The United States Department of Justice announced Monday that it has now awarded more than $2 billion in “compassionate compensation” to claimants under the Radiation Exposure Compensation Act (RECA).
    The RECA stems from 1990. It was started as a non-adversarial alternative to litigation for individuals who contracted certain illnesses following exposure to radiation as a result of the United States’ atmospheric nuclear testing program and uranium ore processing operations during the Cold War.
    In 2000, Congress changed the act its present form, which allows for lump-sum compensation payments to individuals who contracted specified diseases in three defined populations: uranium miners, millers and ore transporters, who are eligible for $100,000 per claim, participants in atmospheric nuclear weapons tests who are eligible for $75,000 per claim and individuals who lived downwind of the Nevada Test Site, who are eligible for $50,000 per claim.
    Compensation has been awarded to individuals residing in all 50 states.
    According to the Justice Department, nearly 43,000 claims have been filed and 32,000 claims have been approved since 1990.

  • Students around the state stage walkouts

    ALBUQUERQUE (AP) — New assessment tests that have angered parents and teachers across the nation prompted walkouts Monday by hundreds of high school students in New Mexico who had been set to take the exams.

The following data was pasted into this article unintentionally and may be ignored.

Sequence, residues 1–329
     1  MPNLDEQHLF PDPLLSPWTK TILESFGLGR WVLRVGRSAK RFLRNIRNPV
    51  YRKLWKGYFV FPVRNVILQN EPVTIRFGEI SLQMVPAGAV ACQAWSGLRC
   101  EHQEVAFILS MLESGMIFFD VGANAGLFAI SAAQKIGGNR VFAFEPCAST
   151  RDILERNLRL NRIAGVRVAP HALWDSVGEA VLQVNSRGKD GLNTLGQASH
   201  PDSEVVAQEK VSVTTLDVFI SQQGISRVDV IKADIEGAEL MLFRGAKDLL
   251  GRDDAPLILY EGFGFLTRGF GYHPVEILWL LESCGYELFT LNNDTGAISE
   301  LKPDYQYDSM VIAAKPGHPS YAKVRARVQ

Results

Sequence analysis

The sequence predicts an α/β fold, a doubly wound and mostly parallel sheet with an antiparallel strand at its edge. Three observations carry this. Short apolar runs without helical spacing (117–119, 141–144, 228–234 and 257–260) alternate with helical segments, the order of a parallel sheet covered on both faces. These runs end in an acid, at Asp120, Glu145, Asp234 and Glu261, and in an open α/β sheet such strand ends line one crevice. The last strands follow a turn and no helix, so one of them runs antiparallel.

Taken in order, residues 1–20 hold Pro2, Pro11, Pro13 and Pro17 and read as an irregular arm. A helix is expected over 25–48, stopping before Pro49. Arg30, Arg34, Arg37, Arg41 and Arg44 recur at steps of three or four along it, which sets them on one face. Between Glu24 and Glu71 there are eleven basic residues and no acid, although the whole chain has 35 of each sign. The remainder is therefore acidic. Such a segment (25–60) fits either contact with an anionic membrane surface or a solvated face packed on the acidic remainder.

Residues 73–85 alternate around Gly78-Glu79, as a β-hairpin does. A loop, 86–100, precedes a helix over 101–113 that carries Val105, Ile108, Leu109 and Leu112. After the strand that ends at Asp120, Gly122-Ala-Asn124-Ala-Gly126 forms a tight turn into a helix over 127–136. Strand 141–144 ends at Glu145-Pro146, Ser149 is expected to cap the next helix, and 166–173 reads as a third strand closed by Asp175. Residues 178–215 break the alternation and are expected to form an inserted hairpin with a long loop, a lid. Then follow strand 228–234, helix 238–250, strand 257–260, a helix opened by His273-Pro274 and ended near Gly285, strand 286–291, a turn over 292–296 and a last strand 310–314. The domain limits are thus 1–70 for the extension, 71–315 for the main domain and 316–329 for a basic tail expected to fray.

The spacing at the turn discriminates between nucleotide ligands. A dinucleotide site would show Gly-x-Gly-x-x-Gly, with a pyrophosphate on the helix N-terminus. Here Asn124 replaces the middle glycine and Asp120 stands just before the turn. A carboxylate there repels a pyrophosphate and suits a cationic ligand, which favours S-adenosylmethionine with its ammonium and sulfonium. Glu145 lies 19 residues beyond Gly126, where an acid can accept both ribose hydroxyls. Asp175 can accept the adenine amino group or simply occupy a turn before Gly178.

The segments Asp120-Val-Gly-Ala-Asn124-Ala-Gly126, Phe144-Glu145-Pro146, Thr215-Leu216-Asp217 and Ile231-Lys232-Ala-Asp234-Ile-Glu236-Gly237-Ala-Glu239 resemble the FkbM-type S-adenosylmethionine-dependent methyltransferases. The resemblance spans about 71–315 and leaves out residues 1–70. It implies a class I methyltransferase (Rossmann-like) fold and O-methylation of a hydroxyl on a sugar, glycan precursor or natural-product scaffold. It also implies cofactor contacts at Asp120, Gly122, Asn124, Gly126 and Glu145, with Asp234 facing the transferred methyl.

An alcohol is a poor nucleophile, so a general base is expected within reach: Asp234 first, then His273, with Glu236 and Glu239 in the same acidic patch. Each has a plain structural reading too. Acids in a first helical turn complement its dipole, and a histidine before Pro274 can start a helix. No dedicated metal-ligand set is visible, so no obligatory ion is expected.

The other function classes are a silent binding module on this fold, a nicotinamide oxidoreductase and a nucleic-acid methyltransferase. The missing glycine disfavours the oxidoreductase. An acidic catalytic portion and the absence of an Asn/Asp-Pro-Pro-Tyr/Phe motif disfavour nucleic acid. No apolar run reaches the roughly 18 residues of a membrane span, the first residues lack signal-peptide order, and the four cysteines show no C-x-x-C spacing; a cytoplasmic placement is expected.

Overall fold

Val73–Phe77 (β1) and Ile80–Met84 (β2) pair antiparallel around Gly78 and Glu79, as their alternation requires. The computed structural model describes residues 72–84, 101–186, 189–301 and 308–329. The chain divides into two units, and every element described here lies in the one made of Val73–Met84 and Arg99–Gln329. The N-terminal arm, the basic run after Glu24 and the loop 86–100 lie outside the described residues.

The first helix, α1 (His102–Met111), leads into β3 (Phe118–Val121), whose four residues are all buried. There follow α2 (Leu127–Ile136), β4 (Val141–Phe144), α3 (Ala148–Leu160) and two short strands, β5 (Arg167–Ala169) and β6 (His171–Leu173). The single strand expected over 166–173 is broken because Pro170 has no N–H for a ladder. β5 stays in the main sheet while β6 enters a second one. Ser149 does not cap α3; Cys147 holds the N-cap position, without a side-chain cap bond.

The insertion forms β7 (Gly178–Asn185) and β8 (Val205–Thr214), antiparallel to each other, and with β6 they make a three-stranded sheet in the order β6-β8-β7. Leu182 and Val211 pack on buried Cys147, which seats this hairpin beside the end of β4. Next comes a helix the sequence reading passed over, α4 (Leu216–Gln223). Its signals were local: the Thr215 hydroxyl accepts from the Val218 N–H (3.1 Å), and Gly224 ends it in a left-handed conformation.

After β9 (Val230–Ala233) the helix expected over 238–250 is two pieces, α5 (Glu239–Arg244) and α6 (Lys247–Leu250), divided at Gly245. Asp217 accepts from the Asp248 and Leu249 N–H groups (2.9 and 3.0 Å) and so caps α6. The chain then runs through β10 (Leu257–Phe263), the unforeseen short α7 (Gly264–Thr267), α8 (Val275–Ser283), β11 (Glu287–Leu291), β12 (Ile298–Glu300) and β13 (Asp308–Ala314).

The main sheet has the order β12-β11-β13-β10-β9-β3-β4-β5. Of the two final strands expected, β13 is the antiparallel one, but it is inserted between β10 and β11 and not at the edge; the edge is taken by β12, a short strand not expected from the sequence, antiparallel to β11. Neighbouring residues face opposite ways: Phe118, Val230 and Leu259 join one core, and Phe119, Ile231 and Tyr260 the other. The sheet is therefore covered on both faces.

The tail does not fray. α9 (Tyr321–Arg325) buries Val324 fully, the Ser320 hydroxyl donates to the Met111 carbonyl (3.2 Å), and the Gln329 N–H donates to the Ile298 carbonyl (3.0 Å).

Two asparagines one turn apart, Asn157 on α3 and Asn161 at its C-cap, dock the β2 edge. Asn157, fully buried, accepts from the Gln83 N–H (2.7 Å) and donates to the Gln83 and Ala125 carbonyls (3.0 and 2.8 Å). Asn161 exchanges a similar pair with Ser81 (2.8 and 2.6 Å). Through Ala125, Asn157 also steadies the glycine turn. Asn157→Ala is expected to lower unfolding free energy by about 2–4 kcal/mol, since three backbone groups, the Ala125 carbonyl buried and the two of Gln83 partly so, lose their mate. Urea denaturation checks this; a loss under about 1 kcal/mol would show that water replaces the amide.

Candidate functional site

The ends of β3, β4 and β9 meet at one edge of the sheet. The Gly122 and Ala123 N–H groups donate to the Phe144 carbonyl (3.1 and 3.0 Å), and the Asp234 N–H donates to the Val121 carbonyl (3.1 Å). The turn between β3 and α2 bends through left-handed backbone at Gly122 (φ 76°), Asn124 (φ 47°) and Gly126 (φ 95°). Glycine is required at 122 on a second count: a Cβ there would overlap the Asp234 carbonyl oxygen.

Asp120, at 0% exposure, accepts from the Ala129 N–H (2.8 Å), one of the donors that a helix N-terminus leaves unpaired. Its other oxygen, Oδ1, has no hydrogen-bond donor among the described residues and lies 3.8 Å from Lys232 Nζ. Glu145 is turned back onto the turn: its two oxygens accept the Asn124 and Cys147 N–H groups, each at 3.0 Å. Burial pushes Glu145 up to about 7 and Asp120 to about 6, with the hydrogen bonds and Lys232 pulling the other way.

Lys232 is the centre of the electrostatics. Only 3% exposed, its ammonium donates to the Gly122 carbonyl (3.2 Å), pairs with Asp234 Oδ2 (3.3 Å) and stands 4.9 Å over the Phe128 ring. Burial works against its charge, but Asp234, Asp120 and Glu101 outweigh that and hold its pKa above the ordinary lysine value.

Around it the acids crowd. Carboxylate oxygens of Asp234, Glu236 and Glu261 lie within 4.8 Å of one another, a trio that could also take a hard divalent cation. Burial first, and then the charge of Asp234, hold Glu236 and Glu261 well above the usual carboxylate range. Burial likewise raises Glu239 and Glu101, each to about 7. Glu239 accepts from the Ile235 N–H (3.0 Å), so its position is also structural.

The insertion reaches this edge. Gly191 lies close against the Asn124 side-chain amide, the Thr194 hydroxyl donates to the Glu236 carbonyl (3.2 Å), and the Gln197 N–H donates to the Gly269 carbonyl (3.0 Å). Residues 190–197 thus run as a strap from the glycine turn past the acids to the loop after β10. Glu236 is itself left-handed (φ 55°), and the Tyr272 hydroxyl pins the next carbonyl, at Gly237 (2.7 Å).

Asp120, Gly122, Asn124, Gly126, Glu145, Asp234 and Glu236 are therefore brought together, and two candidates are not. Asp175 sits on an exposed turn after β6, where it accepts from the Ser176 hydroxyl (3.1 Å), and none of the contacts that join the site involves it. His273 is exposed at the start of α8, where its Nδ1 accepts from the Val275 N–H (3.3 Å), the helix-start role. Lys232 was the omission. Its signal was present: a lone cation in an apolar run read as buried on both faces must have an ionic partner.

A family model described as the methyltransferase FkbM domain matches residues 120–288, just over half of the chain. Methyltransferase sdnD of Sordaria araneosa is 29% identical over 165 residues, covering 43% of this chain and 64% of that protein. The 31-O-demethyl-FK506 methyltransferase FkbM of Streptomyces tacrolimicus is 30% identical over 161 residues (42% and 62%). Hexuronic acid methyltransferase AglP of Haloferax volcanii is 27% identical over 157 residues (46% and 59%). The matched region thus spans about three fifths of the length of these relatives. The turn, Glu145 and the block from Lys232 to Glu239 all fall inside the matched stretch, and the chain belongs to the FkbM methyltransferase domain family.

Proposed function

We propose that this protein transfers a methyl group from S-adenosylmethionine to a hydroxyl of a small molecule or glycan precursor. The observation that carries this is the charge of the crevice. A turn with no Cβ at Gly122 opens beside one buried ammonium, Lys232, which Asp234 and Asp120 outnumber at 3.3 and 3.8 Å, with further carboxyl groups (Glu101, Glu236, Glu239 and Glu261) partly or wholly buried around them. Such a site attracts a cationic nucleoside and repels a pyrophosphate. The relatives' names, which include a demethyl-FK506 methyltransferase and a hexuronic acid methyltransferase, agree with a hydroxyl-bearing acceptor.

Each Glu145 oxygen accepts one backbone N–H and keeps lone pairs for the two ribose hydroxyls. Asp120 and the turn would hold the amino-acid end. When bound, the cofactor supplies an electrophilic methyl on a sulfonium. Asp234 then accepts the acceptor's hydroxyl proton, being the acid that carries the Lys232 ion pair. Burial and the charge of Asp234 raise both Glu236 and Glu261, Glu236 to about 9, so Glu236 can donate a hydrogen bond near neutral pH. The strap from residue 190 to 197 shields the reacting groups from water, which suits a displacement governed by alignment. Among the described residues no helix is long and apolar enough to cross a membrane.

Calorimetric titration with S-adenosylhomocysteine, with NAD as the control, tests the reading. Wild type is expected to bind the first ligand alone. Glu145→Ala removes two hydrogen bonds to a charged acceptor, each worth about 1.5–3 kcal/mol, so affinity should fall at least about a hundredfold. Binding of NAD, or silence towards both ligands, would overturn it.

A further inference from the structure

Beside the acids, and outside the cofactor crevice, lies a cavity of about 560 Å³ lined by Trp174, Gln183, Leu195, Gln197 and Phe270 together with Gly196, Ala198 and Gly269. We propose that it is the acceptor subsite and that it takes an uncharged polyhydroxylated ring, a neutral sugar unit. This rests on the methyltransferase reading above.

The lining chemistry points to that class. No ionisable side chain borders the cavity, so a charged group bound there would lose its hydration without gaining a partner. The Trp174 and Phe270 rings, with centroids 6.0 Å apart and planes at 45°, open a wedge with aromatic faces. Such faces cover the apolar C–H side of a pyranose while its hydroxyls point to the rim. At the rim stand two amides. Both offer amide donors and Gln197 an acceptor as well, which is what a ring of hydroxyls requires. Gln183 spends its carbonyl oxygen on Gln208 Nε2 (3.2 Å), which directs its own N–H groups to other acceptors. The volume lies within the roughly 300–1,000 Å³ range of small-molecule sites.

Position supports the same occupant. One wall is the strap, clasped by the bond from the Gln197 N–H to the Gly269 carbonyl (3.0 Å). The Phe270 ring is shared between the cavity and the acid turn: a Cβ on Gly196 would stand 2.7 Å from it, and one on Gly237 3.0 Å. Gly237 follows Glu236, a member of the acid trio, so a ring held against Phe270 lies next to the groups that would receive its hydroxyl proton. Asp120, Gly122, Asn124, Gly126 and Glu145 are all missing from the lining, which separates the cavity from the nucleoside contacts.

The backlash came as millions of U.S. students started taking the rigorous tests aligned with Common Core standards that outline math and language skills that should be mastered in each grade.
    New Mexico is among a dozen states debuting the tests this year.
    Opponents say the exams distract from real learning, put added stress on students and staff members, and waste resources, especially in poor districts.
    Parents and students in Colorado, Pennsylvania and New York have already opted out of the exams. Others are lobbying lawmakers and education officials for change.
    In Florida last week, Gov. Rick Scott suspended spring testing for 11th graders.
    In New Mexico, a few hundred students at Albuquerque High School joined the walkout despite warnings from administrators that they could face discipline. About 100 other students at nearby Highland High School also left class as testing began.
    Students at both schools took to the sidewalks with signs and chanted as supporters honked their horns.

  • Update 3-3-15

    County Council

    A Los Alamos County Council meeting is 7 p.m. today in council chambers. On the agenda is contract for the Pajarito Environmental Education Center to manage the new Nature Center.

    Fuller Lodge

    A regular meeting of the Fuller Lodge Historic Districts Advisory Board is scheduled for Wednesday at the Municipal Building. Meeting time is 5:30 p.m.

    Public Schools

    Los Alamos Public Schools will hold a forum at 7 p.m. Wednesday for the public to hear from superintendent candidate Kurt Steinhaus.The forum will be at Los Alamos High School’s speech theater.

    School board

    The Los Alamos School Board will go into closed executive session Thursday at 5 p.m. Following the session a motion may be made to present a job to one of the two finalist candidates. The meeting will be at the Los Alamos Public Schools administration building.

    P & Z meeting

    Planning and zoning will meet at 5:30 p.m. March 11. The meeting will be at the Municipal Building.

  • Chilean volcano erupts, thousands flee